My general reading on bird languages suggests a problem scientists have not thought of. Each researcher interprets the "phonetics" of a bird's song differently, so it's hard for them to compare notes. Similarly, we know that different nationalities transcribe the sounds a cat makes differently. And indeed, there are way more sounds that the "meow" we assign to our cats. Tuck, my most talkative cat now, has a high, plaintive whine when he is hungry-something I've never heard before, but otherwise he talks to be in coos and trills and cheeps. I've had other cats who made sounds like his, particularly the trilling coo, but he often makes the most uncatlike sounds.
You may remember that I was spending time out with the sparrows because I was in mourning for Twig, one of my most remarkable, intuitive, and humane cats, who simply stopped eating because his body was worn out and it was time. So I would take my mourning coffee out with the birds instead of sitting under Twig and watching the news. The sparrows were way better than the news, but my lap was empty. Two new guys joined our household in early September, so I haven't been outside as much, and I can report that nothing like the flocks of fifty birds comes. I am guessing that my presence suggested there were no cats to threaten them and that the feeders were full. But I have had to take the feeders down because we have a marauding cat loose in the neighbourhood who leaps up and fastens all four sets of claws to the living room window screen and then yowls at my cats. Last Saturday, he startled them so much Lyra and Tuck began fighting with one another. I had not been watching these instances carefully enough, though I often closed the windows to the back yard. But Saturday was cool, and I wanted to cool off the house and Bill was making all kinds of noise in the back yard with the lawn mower and weed eater. I thought the marauder would stay away. Instead, I had to interpose the back of a chair between two cats who, until this moment, had never uttered so much as a growl to one another.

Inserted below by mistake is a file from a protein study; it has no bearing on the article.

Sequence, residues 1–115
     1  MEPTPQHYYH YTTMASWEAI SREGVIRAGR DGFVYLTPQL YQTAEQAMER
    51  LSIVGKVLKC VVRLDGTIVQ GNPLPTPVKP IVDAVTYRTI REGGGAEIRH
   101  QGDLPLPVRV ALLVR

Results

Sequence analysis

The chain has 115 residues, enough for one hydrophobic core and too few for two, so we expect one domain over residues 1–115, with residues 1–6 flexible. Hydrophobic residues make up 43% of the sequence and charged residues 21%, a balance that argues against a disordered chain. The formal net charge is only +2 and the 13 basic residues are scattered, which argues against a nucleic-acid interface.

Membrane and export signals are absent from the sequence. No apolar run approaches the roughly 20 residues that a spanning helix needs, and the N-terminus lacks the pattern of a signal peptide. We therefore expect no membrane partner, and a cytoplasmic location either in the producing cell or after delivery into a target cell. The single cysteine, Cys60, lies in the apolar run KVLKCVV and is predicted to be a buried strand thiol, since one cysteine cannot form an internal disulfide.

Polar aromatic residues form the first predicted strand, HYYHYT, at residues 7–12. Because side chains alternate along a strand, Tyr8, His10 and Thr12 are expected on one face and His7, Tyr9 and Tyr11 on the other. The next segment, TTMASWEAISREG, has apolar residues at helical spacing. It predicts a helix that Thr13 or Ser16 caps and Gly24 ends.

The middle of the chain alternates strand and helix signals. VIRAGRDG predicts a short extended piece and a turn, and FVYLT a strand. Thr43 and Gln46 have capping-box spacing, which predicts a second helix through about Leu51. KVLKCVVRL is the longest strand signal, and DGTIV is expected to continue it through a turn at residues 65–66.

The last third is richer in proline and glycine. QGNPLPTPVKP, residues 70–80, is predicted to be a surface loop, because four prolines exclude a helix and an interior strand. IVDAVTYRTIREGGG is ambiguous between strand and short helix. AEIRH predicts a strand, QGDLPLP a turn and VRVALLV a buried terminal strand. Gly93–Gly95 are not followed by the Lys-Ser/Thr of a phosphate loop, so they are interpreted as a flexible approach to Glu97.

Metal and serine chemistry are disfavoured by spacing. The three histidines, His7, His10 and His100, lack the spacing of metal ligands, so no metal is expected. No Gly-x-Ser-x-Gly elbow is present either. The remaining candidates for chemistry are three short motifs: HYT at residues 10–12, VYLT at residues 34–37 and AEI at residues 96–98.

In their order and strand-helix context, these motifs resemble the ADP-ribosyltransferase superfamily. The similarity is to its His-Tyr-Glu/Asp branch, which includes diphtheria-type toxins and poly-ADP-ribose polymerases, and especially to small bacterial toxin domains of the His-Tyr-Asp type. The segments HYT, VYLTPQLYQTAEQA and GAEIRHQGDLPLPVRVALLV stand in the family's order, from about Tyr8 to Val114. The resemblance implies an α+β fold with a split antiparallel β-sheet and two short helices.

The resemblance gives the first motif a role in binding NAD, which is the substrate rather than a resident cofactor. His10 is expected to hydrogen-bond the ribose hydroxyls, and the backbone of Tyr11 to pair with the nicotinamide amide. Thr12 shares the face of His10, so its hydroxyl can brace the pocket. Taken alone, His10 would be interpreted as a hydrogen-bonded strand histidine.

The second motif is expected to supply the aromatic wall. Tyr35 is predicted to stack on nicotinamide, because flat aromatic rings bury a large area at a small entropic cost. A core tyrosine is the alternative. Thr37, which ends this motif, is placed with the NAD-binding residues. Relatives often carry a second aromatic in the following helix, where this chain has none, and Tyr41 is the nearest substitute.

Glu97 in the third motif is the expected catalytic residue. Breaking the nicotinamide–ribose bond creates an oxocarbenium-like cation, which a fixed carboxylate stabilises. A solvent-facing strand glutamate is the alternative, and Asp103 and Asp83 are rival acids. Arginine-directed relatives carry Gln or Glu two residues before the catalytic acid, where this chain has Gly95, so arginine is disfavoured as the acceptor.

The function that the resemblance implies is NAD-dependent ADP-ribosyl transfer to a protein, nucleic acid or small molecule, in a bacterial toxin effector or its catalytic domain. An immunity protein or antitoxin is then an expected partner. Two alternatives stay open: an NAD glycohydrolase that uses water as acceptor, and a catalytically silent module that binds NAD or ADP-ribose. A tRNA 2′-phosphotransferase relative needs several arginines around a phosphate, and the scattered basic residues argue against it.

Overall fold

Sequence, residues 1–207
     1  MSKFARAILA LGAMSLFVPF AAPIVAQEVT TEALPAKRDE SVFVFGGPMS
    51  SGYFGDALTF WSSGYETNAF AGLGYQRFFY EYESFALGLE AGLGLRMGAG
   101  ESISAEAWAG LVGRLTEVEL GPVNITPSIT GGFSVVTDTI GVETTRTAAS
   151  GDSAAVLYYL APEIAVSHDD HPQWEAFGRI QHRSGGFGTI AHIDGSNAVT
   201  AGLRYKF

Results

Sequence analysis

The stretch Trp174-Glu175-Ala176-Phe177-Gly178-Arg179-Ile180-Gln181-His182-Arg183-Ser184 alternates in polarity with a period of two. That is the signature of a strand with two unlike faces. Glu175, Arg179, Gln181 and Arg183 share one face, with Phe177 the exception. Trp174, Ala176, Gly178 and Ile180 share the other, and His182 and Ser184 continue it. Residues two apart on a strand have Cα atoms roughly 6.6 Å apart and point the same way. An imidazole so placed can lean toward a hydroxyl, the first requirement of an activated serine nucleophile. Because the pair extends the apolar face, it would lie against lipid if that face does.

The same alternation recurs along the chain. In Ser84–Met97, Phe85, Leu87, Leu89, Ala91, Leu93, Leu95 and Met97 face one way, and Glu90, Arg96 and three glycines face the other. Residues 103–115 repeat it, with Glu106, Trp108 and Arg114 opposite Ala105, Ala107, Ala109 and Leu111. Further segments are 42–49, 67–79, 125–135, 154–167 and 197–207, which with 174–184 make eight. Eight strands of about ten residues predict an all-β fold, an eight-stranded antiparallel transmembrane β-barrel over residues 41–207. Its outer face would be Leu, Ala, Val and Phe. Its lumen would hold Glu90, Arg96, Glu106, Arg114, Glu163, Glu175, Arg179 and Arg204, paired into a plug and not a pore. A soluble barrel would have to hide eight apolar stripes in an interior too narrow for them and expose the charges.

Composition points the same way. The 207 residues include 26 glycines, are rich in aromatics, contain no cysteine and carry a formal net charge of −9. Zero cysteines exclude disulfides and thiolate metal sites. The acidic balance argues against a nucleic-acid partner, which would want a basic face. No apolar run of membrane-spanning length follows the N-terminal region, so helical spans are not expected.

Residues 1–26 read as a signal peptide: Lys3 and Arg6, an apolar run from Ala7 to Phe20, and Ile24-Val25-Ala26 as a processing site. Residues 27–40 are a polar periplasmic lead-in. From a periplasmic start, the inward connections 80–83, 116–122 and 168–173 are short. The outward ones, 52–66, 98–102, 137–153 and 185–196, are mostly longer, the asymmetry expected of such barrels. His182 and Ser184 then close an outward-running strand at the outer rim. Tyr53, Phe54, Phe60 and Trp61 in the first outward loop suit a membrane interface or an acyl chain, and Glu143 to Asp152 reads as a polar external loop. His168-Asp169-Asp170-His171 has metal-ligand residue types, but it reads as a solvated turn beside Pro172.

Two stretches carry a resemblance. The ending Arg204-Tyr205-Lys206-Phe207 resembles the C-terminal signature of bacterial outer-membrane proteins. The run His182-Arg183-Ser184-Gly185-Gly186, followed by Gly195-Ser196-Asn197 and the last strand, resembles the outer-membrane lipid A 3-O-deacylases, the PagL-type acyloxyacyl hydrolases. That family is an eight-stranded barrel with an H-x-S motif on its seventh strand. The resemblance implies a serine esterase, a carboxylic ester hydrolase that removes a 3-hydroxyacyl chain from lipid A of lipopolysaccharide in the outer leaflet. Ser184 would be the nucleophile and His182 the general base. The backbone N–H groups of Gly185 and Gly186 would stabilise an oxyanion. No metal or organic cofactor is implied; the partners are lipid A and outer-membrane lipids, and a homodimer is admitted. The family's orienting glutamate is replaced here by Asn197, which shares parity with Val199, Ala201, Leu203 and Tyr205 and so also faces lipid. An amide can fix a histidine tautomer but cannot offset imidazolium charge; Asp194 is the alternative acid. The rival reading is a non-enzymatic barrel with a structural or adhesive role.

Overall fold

The rest of the day was rather subdued, though both Lyra and Tuck came upstairs to curl up on my ironing board, where I was working on a quilt, and gently groomed one another from time to time. I was kicking myself for not paying attention.
Don McKay generously edited Visible Cities before Veronica and I began sending it out to publishers, and he made a wonderful suggestion in the opening poem, "Unforeseen" about a back lane that, if studied carefully, is beautiful. I had written
Paying attention we might catch
the architect's gesture toward serene geometry,
her love of a surface not glass, light
feathered in the blue shadow
of winter afternoons.
Don changed this to "Giving attention," and he was so right. We don't pay attention. And in fact, as with my sparrows, attention doesn't pay in any of the usual ways. Rather, we give it to the world. If there is an economy of sparrow watching it is this: they kept my curiosity alive, gave me many questions to ask, prompted me to struggle with metaphors, and essentially said that they are beyond understanding. I should just enjoy them and the atmosphere they create in my back yard. In turn, the attention I gave them kept them safe and well-fed. Apparently urban birds get only about 10% of their food from feeders, but it is a 10% that can make the difference between getting by and thriving.
And I wasn't giving attention to Lyra and Tuck, with horrible results. We have found them another window, this one on the second storey, that has become their viewing deck. The tall lilacs between my house and my eastern neighbour are almost a flight school for small birds, and my cats are having a safe, wonderful time.
Unfortunately, this summer I've returned to watching the news while I drink my first cup of coffee, which is not really a good habit. But you've been doing something like that too: it's like watching a train wreck. You can't take your eyes away. Are we paying or giving attention? I don't want us to become cynical, so disillusioned that we stop giving attention altogether. So here's another Trumptime tool: give attention to the things that matter. Sometimes giving attention is an exercise in wonder, an admission that you don't understand the world, but that you celebrate its joys anyway. Sometimes it's an ethical imperative.
at 9:59 AM
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I'm only a casual birdwatcher, but watching them from my back step in the mornings, coffee in hand, gives so much pleasure, and deep, deep relaxation. I love the way they come closer, ever curious, to check me out after I've sat there, still, for a couple minutes. -KateReplyDelete